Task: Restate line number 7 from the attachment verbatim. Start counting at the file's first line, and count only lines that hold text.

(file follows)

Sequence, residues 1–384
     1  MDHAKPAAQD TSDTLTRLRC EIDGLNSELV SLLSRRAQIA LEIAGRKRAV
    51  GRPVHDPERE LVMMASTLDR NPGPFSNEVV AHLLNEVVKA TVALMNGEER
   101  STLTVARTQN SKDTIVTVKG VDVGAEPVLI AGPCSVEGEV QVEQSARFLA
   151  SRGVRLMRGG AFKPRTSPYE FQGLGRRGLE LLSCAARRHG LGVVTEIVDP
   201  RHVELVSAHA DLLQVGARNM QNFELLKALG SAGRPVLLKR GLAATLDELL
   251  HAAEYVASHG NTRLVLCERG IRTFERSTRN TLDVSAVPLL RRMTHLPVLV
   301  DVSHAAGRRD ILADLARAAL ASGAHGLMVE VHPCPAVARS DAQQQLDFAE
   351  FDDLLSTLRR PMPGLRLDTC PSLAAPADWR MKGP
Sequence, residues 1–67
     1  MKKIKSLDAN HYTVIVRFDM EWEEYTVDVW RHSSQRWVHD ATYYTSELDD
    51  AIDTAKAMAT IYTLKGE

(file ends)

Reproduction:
   251  HAAEYVASHG NTRLVLCERG IRTFERSTRN TLDVSAVPLL RRMTHLPVLV